H/T to Tom Duggan for tweeting out this image that caught my attention.
In March the Pioneer Institute released this white paper taking a look at Middle / Gateway Cities and what could be done to help them succeed. The Pioneer Institute is an independent, non-partisan, privately funded research organization that seeks to improve the quality of life in Massachusetts through civic discourse and intellectually rigorous,data-driven public policy solutions based on free market principles, individual liberty and responsibility,and the ideal of effective, limited and accountable government.
One of the items that caught my eye is the amount of aid most of these cities receive and are dependent upon from the state and how it still may not be enough.
In 2016, the Middle Cities, which constitute 17.6 percent of the Commonwealth’s population, are receiving over $2 billion in state aid, roughly equivalent to 40 percent of total local aid.
The state allocates around three times more to Middle Cities students through Chapter 70 funding than it does to other Massachusetts students; while that is justifiable as a way to ensure funding equity, it underscores the extent to which the state is a majority stakeholder in the choices made in our urban school systems.
◆Per-capita income in the 14 Middle Cities is between 31 percent and 66 percent below the statewide average and has been falling for more than 30 years. It was 82 percent of the state average in 1979, but fell to 53 percent by 2009. The story is similar for median household income. It averages between $30,000 and $50,000 annually in the 14 cities; 12 to 53 percent below the state average of $66,866 from 2009 to 2013.
◆ All 14 cities underperform state averages on MCAS. In 2015, 91 percent of Massachusetts students scored “Advanced” or “Proficient” on MCAS English language arts tests, compared to between 67 percent and 89 percent in Middle Cities. In math, more than 15 percent of Middle Cities’ students scored in the “Warning/Failing” category—nearly double the state average. The dropout
rate in Middle Cities is nearly twice the state average and students attend college at a lower rate.
◆ In terms of equalized valuation, which compares the value of property assets, statewide values grew at an annual rate of 7.92 percent between 1992 and 2012. During the same period, Middle Cities’ property values rose by only 2.66 percent annually, just over one-third the statewide growth rate.
◆ Almost two-thirds of Massachusetts communities receive less than 15 percent of their total local expenditures from local aid. Even when focusing on urban centers,it is worthy of note that Boston and Cambridge have received 114 and 117 percent increases in per capita local aid, respectively, from 1981 to 2016. Over the same period of time, local aid per capita increased in Lawrence,Brockton and Springfield by 1032, 722, and 592 percent,respectively.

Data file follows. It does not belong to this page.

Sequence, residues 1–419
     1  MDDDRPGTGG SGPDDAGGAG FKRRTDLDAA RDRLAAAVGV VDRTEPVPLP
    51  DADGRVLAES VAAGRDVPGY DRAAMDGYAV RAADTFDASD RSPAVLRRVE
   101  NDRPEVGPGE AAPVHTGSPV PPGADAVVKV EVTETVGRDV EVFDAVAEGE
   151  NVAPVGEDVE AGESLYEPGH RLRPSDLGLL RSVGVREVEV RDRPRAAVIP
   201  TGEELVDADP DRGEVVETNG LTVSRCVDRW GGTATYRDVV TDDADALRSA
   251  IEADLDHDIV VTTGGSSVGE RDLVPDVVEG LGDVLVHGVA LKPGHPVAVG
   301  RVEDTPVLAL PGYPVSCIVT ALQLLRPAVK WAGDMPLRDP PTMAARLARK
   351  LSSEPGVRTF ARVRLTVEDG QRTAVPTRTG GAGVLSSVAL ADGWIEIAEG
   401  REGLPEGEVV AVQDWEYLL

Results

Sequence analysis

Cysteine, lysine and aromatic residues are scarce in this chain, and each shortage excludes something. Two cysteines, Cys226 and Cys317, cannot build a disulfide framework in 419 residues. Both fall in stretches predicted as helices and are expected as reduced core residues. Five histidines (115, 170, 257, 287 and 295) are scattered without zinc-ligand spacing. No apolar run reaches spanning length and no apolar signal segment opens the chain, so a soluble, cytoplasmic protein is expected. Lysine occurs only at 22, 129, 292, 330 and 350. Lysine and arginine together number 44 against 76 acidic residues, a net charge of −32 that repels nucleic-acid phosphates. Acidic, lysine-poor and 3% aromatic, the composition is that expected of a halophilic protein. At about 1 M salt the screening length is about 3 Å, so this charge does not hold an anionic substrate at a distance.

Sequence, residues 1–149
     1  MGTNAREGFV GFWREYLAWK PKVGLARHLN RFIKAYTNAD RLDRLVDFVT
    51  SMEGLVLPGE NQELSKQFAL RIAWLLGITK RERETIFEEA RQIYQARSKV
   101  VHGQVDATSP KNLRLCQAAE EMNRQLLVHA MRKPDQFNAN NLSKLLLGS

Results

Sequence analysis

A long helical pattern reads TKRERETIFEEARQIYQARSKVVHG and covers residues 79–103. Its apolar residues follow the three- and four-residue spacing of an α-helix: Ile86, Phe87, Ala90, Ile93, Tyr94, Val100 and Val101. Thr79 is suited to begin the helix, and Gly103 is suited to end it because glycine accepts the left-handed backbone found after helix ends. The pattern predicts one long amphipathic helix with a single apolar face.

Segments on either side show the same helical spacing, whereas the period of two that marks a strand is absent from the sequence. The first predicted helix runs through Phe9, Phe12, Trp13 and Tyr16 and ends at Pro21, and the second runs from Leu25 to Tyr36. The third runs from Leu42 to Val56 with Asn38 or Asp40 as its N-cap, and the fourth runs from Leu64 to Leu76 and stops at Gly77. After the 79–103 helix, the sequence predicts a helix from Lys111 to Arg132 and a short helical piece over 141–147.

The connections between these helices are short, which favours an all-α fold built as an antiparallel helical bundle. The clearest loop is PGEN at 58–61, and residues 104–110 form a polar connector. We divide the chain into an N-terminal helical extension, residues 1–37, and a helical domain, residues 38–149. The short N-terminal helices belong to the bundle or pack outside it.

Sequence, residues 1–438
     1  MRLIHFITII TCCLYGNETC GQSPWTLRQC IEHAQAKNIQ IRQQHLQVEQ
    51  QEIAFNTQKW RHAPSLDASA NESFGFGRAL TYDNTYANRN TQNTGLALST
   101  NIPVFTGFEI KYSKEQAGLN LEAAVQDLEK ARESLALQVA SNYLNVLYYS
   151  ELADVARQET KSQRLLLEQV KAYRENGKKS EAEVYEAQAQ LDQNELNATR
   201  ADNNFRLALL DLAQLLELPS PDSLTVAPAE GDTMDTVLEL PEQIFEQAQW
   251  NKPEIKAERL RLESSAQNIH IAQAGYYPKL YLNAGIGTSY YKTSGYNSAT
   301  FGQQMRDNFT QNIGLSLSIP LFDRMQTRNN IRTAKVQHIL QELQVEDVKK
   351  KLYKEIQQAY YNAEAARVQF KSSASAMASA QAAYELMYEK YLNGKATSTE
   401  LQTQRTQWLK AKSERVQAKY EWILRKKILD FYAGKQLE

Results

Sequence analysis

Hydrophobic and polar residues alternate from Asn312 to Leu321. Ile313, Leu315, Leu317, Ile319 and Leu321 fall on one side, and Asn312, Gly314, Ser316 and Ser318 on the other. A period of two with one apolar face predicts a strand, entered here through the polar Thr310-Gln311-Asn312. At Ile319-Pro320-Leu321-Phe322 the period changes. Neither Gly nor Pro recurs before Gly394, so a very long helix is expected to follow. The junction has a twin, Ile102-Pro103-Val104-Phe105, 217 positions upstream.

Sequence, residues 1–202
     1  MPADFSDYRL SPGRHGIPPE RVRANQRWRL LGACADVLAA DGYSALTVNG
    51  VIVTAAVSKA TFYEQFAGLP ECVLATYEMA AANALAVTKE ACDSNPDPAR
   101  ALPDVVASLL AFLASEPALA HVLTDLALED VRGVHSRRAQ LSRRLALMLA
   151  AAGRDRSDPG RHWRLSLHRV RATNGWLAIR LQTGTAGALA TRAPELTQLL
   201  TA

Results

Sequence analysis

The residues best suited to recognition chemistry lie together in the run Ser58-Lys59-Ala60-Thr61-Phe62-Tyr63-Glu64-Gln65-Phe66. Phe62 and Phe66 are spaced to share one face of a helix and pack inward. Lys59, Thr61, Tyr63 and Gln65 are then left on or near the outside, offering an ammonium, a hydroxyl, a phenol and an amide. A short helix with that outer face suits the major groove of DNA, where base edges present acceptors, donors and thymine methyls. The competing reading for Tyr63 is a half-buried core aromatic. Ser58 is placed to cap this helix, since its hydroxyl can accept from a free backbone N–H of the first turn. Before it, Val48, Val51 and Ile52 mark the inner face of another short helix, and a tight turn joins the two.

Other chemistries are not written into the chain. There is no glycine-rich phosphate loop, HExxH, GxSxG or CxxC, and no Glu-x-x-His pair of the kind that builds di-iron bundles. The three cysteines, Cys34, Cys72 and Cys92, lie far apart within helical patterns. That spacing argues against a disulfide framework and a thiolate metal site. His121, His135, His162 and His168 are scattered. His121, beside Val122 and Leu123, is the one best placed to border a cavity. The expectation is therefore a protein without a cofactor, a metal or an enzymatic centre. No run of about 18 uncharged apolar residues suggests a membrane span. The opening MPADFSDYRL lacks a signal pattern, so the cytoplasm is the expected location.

Including in the White Paper are some suggestions to help these communities, including:
What we are proposing is the creation of a Middle Cities Infrastructure Investment Fund (IIF).
Governance of the Fund and Ensuring Accountability
and what they see has The Role of Middle Cities’ Leaders:
The cities’ role in this initiative is to engage residents in developing a vision that includes both infrastructure improvements and a modernization plan for municipal services. Middle Cities seeking to participate in the IIF and coordinated grants program will have to compete for funding on the basis of the plan they put forward, which would include:
◆ IIF & State Grant Programs: A plan composed of infrastructure investment options developed through engagement with Neighborhood, community and business leaders;
◆ Education: Immediate actions by the community and school district to improve service for students in Tier 4 and 5 categories whether through reforms, the creation of new schools or access to schools outside the district. Actions can include adoption of the school based management approach outlined in the 1993 Massachusetts Education Reform Act (and implemented in Barnstable) ,
where appropriate (Springfield), an expansion of access to the METCO program and vocational-technical schools; and active promotion of other school models, including pilot, Commonwealth and Horace Mann charter schools;
◆ Public safety: Participation in a Middle Cities working group on crime and public order that focuses on performance measures beyond simple crime data that leads to uniform reporting methodology, a unified CitiStat-style database, and improvements and
efficiencies in departmental command structures and officer deployment;
◆ Economic development: Streamline business and housing permitting time to under 65 days or adoption of Chapter 43D (including streamlined permitting for Brownfields sites); simplification of regulations for 25 “neighborhood” (quality of life and amenity) businesses so they are easier for residents to start; and together with EOHED a review of the organization and activities of municipal economic development and redevelopment agencies;
◆ Fiscal management: Working with the DOR, an audit of basic financial controls, long-term cost structures, opportunities for rationalization and reorganization, transparency, and accountability, and implementation of suggested reforms with a limited time horizon.